If you’re in a crash with an underinsured driver, you can file an initial claim against their policy to claim the highest possible level of damages. Then, you can use your underinsured motorist policy to supplement the remaining costs.

How Do Uninsured Motorist Coverage and Underinsured Motorist Coverage Work Together?

While uninsured motorist and underinsured motorist coverage are designed for different situations, they work together by protecting you from all possibilities. Remember – you can never predict who will cause a crash. If you’re in the wrong place at the wrong time, comprehensive automobile insurance will help limit your financial losses and emotional distress.

Legal Requirements for Uninsured Motorist Coverage and Underinsured Motorist Coverage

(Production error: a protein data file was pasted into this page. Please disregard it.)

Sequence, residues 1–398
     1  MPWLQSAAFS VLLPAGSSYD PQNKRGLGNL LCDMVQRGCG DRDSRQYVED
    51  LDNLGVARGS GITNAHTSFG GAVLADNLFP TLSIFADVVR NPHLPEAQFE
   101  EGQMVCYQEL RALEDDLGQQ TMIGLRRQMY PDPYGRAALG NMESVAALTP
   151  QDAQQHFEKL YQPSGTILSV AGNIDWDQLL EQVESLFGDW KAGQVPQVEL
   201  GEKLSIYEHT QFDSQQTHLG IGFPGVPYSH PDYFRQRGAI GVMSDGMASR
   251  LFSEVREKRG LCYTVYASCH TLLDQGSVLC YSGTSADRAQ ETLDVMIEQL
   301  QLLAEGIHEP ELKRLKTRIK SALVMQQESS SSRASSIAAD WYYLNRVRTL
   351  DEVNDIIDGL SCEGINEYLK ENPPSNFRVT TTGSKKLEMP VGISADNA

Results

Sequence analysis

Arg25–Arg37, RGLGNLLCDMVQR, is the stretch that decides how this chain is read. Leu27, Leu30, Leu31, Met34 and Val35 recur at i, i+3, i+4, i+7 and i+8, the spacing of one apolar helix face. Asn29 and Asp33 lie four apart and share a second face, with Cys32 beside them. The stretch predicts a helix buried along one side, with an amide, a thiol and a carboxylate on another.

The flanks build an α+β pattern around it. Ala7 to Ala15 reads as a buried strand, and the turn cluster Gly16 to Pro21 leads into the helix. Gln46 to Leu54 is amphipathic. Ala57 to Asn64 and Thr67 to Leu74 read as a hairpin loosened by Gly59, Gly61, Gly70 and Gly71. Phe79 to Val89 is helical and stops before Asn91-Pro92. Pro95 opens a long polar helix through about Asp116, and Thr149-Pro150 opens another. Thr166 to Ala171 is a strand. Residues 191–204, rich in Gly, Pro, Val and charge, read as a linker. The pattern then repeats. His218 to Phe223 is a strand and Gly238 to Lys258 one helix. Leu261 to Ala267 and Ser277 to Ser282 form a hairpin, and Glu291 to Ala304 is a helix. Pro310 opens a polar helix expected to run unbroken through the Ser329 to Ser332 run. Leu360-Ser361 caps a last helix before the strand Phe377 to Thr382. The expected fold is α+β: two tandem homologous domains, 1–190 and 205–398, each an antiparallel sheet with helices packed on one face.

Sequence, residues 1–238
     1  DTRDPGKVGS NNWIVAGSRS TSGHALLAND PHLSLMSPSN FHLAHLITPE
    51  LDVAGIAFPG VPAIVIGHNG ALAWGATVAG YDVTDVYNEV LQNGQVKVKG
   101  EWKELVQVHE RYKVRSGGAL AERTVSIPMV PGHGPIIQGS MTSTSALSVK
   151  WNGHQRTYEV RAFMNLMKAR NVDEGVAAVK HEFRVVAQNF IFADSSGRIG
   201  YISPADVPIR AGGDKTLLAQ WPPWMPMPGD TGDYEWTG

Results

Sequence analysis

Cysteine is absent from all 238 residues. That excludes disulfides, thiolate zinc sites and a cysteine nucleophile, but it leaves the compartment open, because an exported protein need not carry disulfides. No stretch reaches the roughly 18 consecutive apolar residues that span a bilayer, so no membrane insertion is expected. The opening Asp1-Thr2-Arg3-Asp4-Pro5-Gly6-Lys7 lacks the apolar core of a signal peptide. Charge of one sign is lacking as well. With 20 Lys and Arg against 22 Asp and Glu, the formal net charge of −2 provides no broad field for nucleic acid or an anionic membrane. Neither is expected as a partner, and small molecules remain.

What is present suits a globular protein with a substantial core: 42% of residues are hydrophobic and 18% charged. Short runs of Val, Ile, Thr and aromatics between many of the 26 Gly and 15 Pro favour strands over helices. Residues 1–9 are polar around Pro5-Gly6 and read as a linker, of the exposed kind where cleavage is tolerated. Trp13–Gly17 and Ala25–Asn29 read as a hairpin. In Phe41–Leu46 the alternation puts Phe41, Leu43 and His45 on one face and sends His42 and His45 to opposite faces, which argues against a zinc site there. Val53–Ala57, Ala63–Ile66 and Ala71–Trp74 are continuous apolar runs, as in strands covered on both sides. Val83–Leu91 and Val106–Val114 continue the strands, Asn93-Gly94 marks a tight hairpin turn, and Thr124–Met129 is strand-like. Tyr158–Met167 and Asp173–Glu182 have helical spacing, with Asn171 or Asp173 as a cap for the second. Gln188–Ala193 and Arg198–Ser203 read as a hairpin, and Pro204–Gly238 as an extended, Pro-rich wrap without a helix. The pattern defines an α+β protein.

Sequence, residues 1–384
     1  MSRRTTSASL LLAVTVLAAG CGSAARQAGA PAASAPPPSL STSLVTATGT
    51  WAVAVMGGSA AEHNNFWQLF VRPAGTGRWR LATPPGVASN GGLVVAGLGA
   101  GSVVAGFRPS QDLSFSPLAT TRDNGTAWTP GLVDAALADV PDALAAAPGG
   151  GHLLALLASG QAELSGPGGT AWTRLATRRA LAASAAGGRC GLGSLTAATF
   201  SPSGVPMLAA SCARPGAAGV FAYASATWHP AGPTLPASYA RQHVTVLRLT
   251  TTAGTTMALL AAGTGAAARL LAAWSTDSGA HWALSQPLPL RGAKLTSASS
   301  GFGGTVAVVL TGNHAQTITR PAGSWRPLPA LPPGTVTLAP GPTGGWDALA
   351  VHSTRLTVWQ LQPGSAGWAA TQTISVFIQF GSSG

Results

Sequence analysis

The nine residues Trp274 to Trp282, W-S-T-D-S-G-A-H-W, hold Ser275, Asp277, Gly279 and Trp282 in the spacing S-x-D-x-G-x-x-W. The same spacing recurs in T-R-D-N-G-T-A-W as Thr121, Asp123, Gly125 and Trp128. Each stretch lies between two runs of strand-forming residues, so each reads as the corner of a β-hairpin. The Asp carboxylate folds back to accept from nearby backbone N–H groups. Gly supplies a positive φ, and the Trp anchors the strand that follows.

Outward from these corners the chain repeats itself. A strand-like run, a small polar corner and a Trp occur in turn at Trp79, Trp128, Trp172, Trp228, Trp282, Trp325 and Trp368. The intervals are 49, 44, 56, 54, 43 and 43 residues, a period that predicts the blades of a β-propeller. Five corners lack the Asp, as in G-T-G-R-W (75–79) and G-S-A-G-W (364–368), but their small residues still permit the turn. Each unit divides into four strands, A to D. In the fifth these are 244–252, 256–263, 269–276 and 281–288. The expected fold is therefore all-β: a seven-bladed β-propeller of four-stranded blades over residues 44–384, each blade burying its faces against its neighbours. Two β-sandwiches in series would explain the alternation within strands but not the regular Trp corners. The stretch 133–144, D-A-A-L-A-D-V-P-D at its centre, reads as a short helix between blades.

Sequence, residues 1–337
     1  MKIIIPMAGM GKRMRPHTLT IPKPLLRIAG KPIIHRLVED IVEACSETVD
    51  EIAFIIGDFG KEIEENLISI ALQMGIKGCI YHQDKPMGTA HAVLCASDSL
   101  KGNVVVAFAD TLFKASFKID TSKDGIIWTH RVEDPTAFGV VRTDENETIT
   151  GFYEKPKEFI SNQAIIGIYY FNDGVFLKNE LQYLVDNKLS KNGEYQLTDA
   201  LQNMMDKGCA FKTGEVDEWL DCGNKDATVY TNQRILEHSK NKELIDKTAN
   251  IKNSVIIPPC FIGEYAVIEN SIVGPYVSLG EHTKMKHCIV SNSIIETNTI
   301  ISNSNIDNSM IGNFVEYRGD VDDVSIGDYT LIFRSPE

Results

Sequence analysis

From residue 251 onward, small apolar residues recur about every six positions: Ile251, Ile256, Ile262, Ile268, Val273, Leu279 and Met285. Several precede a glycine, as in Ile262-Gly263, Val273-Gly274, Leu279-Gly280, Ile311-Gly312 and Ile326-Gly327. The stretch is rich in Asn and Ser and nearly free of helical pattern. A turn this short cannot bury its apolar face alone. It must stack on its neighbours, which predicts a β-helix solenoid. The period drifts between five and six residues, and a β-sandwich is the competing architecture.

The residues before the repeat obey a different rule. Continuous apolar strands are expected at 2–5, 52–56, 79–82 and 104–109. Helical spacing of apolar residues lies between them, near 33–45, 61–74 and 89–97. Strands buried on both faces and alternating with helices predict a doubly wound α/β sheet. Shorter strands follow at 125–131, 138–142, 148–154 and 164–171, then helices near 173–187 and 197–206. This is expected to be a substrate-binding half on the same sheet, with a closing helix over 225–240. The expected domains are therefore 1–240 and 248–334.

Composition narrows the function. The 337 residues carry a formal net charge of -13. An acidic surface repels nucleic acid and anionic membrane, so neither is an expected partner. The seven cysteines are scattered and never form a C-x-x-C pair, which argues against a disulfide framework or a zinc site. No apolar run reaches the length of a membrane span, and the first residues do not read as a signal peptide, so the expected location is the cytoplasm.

According to Wisconsin’s Safety Responsibility Law, motorists must report accidents causing death, injury, or over $1,000 worth of property damage to the police. If an uninsured driver is at fault, their license and vehicle may be suspended, and they must take action to rectify the problem.

But what about the victim? In Wisconsin, drivers must carry uninsured motorist coverage for at least $25,000 for a single person and $50,000 for two or more people, meaning your insurer will cover claims involving an uninsured driver. As such, any auto insurance policy you take out should cover damage caused by uninsured drivers or hit-and-runs.

Underinsured motorist coverage is not mandatory in Wisconsin. However, if you decide to protect yourself from underinsured motorists, the coverage must amount to at least $100,000 per crash and $50,000 per person.